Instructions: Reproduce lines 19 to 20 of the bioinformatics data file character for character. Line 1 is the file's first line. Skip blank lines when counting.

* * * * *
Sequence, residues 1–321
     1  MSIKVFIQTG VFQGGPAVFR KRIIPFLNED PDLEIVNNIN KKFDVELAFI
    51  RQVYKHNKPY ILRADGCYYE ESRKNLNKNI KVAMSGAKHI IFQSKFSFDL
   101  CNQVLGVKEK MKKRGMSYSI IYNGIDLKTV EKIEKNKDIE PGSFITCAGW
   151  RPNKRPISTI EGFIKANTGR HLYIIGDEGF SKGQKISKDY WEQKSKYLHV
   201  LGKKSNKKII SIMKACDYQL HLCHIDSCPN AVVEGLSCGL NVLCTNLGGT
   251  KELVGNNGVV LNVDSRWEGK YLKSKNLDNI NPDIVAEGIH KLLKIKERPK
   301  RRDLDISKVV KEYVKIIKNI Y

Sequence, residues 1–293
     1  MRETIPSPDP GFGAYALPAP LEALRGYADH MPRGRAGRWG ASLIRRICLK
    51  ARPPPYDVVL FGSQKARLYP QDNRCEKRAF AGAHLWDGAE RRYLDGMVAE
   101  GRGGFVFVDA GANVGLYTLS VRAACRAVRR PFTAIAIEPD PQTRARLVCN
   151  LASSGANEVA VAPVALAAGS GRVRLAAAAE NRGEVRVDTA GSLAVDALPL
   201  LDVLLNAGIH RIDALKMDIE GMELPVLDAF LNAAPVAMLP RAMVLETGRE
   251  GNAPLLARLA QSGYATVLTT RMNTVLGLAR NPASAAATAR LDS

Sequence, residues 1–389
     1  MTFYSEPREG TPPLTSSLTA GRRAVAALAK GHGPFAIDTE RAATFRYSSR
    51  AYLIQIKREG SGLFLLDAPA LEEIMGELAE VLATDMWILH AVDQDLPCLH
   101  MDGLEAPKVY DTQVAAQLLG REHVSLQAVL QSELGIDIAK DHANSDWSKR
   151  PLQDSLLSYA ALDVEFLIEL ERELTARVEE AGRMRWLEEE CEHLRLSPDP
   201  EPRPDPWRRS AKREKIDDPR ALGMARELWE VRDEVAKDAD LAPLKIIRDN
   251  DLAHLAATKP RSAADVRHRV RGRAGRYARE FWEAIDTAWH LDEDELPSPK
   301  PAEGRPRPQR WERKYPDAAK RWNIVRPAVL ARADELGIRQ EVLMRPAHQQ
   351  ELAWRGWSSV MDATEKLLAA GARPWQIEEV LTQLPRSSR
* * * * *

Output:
   101  MDGLEAPKVY DTQVAAQLLG REHVSLQAVL QSELGIDIAK DHANSDWSKR
   151  PLQDSLLSYA ALDVEFLIEL ERELTARVEE AGRMRWLEEE CEHLRLSPDP